The Sunnyside Valley Irrigation District (SVID) provides irrigation water to 94,000 acres growing row crops, hops, grapes, and tree fruit in central Washington. As with many central Washington dams, SVID’s Sunnyside Dam poses challenges for juvenile fish survival. To address this problem, SVID is installing a new boom fish guidance system. In this interview, SVID General Manager Lori Brady gives Hydro Leader the details.
Hydro Leader: Please tell us about SVID as a district and its infrastructure, particularly Sunnyside Dam.
Lori Brady: SVID is located in the Yakima Valley in the southern part of central Washington. The 94,000‑acre project serves irrigation water to parts of Yakima and Benton Counties in the lower Yakima River Valley. The original diversion dam was constructed in 1878–79 by the Konewock Ditch Company. The first water diversion was in the spring of 1880 by Konewock Ditch Company. The Konewock headworks were later used by the Sunnyside Canal.
Hydro Leader: What concerns does the Sunnyside Dam pose in terms of fish passage?
Lori Brady: The Sunnyside Dam Fish Passage Improvement Project seeks to improve salmon and steelhead smolt outmigration survival through the lower Yakima River. The ongoing Lower Yakima River Smolt Survival Study has identified serious mortality of juvenile salmon and steelhead associated with traveling through an irrigation diversion on their way down the Yakima River. Although the study is currently still underway, preliminary results showed that about 25 percent of yearling chinook smolts were also entrained at Sunnyside Dam, located at river mile 102.1, upstream of Prosser Dam. Preliminary data suggest that mortality rates at Sunnyside Main Canal are similar to those observed at Prosser Dam. The cumulative effects of smolts traveling through bypass systems at multiple dams (Roza, Wapato, Sunnyside, and Prosser) pose significant challenges for Yakima basin salmon runs. Improving smolt survival at water diversion dams is considered a key strategy for maintaining viable salmon and steelhead populations in the Yakima Basin.
Hydro Leader: When did SVID first decide to address this issue and what were the first steps it took?
Lori Brady: This issue first came to the district’s attention through a presentation. The first 2 years of a 3‑year smolt outmigration survival study were presented to SVID staff by Bureau of Reclamation staff in 2019. Several months later, the same presentation was given to the SVID board. After the presentation, the board realized that keeping salmon and steelhead smolts from entering the Sunnyside Main Canal was vital for improving their migration. It was an important issue that needed to be addressed, and the board wanted to be a part of the solution.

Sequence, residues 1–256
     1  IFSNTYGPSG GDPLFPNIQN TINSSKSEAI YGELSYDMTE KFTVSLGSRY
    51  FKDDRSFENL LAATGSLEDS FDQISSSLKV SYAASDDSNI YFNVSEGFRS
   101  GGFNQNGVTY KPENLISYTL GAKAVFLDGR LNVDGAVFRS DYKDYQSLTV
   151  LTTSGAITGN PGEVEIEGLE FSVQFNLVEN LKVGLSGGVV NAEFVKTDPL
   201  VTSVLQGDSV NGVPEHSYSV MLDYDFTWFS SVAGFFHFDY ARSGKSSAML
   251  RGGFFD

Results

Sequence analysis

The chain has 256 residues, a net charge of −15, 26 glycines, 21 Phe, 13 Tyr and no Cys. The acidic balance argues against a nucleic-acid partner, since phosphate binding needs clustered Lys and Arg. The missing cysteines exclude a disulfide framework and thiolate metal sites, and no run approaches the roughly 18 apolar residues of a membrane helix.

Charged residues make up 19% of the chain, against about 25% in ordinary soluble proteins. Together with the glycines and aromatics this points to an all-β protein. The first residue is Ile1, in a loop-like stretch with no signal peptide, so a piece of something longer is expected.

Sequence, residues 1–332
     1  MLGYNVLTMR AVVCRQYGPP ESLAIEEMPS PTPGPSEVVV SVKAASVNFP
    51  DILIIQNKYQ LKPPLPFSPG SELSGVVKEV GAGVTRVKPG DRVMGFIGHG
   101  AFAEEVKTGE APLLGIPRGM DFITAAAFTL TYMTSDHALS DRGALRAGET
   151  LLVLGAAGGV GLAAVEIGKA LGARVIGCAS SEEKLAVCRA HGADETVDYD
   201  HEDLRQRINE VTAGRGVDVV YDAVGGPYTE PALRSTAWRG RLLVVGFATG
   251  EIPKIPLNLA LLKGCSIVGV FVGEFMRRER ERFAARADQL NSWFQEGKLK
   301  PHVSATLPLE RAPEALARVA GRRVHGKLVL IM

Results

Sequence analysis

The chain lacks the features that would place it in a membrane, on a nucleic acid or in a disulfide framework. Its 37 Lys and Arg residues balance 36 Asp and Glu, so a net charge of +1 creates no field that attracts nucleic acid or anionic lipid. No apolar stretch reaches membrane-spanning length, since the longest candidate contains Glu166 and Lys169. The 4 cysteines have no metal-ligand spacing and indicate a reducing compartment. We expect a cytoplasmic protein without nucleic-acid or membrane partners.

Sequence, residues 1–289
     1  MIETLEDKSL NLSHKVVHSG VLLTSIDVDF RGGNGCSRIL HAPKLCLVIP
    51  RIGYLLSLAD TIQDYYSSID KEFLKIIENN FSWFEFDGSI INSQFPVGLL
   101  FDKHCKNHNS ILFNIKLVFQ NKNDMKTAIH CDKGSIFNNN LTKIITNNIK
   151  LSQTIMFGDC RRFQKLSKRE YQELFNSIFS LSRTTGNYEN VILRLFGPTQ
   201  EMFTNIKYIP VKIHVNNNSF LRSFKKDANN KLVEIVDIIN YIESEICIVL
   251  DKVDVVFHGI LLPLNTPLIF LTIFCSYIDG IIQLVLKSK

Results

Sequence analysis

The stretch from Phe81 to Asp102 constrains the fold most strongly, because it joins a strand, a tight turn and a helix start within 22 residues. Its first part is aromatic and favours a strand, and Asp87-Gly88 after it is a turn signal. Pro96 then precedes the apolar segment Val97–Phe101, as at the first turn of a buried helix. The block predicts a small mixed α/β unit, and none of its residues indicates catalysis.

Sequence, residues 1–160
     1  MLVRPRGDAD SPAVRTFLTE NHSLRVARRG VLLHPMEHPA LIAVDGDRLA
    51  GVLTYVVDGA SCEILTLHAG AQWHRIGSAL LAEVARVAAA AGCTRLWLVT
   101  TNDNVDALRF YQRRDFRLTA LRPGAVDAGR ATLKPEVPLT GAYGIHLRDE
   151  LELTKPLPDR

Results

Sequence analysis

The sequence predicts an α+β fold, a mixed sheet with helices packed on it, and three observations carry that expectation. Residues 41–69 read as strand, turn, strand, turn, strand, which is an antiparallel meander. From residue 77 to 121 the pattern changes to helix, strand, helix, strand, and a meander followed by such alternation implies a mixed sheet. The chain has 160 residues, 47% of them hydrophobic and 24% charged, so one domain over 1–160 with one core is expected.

Hydro Leader: How did SVID and its partners decide to go with the solution of a boom fish guidance system? What were the other options you considered?
Lori Brady: Fish guidance systems are common at many hydro facilities throughout the Columbia River basin and other regions of the Pacific Northwest as a means to route salmon and steelhead smolts to fish collector systems or to desired passage routes. Some examples of facilities with fish guidance systems are the Bonneville, McNary, and Rocky Reach Dams on the Columbia River. In California, a fish guidance system is used to modify yearling Chinook outmigration routes in the Sacramento–San Joaquin River Delta. The only other option was a multimillion-dollar fish screening system upstream of the SVID headgate.
Hydro Leader: What is the fish guidance system constructed of? Why was this material chosen?
Lori Brady: The fish boom is made of several sections of sealed high-density polyethylene pipe, which are connected to each other and to the anchors with heavy chains. Four-foot-deep stainless-steel-wire wedge screens are attached to the pipe for most of the boom but are replaced by a heavy rubber curtain as the boom approaches the shore. The wedge wire meets National Marine Fisheries Service fish screening requirements, and it is durable, which should give us many years of service.
Hydro Leader: What is the timeline for installation?
Lori Brady: This project started in the last week of February, and weather permitting, will be completed by the last week of March. Work on the overshot gate is limited to lower river flows.
Hydro Leader: How is the system being paid for?
Lori Brady: This project has several funding sources. The first funding source was the Washington State Recreation and Conservation Office. The second funding source was the Washington State Department of Ecology. Reclamation is a partner, providing in-kind work along with the Sunnyside Division Board of Control, for which SVID is the operating agency. This project has also benefited from other partnerships, too numerous to mention, with people who have advocated for this project and cleared a path for its advancement.
Hydro Leader: What results is the fish guidance system expected to have?
Lori Brady: This pilot project is expected to reduce the entrainment of smolts into the Sunnyside Canal, which will increase the number of smolts surviving this portion of their downstream migration.
Hydro Leader: Do you have any advice for other dam owners and operators who are considering installing a similar system?
Lori Brady: The key is partnerships. Most projects have to overcome a series of roadblocks and can take years to achieve. The community of agencies worked for one common goal: to improve salmon and steelhead smolt survival. Whether you come from an irrigation perspective or a fish perspective, the goal was the same, and all the agencies worked in unison. This Sunnyside Dam Fish Passage Improvement Project would not have happened if it were not for the partnerships in the Yakima River basin.